The Veterans Affairs Department last week announced that it would move to implement President Biden’s executive order rescinding Trump-era workforce policies and aimed at restoring more collaborative labor-management relations.
Biden’s executive order, issued on Jan. 22, rescinded former President Trump’s trio of executive orders aimed at making it easier to fire federal workers and reducing the role of unions in federal workplaces. Those orders restricted the scope of topics that agencies could negotiate with unions over, shortened the timeframe of those negotiations, severely restricted union employees’ access to official time and cut unions off from using free agency office space and office supplies like computers and email services.
Following guidance from the Office of Personnel Management, Ophelia Vicks, acting executive director of the VA’s Office of Labor-Management Relations, sent the American Federation of Government Employees a letter outlining the steps the department is taking to unwind those Trump-era policies. The letter confirms that the department recognizes its 2011 contract with the union as the “current agreement in effect” and restores unions’ access to official time and office space as it was prior to Trump’s orders.
“VA will no longer charge rent for union office space,” Vicks wrote. “Local facilities shall coordinate with the unions to either restore the same space they had or provide comparable space if they have repurposed the union’s offices for patient care and other mission-related needs.”
Thomas Dargon, supervisory attorney with AFGE’s National VA Council, said the letter marks a “step in the right direction.” He highlighted the importance of granting union officials access to facilities so that employees can easily and quickly report issues as they come up.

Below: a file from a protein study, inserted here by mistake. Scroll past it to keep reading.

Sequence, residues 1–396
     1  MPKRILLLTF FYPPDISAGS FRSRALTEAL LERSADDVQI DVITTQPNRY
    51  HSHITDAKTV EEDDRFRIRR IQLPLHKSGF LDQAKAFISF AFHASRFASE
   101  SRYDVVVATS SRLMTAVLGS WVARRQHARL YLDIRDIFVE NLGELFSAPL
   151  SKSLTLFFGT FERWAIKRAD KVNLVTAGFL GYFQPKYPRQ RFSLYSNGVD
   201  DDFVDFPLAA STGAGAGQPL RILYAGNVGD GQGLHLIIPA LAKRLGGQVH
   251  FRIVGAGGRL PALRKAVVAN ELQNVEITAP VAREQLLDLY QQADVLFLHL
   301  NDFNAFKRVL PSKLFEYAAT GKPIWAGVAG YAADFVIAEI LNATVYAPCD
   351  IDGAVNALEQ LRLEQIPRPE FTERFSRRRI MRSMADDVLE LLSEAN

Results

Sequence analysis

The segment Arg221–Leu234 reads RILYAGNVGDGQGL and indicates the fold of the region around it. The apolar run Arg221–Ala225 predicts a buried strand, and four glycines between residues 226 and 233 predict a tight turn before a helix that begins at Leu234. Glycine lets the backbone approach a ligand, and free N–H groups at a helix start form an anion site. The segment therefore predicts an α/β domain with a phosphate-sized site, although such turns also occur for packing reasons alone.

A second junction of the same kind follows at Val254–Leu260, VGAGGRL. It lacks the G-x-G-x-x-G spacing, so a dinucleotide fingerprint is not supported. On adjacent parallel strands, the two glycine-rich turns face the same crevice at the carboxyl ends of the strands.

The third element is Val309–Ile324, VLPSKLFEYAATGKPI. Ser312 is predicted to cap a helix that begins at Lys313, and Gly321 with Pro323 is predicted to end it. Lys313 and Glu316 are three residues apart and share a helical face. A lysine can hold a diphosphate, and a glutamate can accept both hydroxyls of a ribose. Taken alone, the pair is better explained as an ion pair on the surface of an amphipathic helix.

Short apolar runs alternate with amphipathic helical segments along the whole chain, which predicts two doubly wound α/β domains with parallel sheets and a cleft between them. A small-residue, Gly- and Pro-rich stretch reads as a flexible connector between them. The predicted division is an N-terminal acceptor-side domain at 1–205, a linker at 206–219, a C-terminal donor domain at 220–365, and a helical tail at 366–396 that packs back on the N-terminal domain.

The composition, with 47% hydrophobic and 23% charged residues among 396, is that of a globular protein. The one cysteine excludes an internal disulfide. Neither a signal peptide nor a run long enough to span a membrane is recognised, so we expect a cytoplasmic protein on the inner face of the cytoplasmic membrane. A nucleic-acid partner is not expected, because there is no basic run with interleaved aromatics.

“I think it’s important for employees to know that their representatives are on station, here to protect them and are accessible, and that they don’t have to make an appointment and drive down the road to a separate facility to get the union rights that they’re entitled to,” Dargon said. “Workplace issues come up very quickly in a hospital setting. If there’s an investigation or a complaint or a hearing, you need to get the same day or the next day, so having that presence on site definitely makes it easier for employees to get the representation they’re entitled to.”
But Dargon said there is still much that VA must do to restore employees’ union rights at the department and improve the relationship between labor and management. The letter does not reverse former Secretary Robert Wilkie’s controversial 2018 decision banning Title 38 medical professionals from using official time, although union officials said they expect to hear a separate decision on that issue in the coming weeks and months.
“[The Title 38 official time decision] is currently the subject of a lawsuit in federal court, joined not only by AFGE but several other unions as well, and that case remains pending,” Dargon said. “Right now, we’re waiting to see what Secretary [Denis] McDonough’s position on that will be.”
Also still unresolved are the longstanding and often acrimonious negotiations on a new contract between VA and AFGE. Following a broadly pro-management decision from the Federal Service Impasses Panel last year, the union voted overwhelmingly against ratifying the contract, leading to 30 days of mediation, which ended in February and during which the parties again failed to reach an agreement.
“Right now, we’re waiting for the VA to tell us how it’s going to move forward with the negotiations,” Dargon said. “We remain willing to come back and negotiate, so we’re just waiting to hear how the new administration and Secretary McDonough approach negotiations going forward.”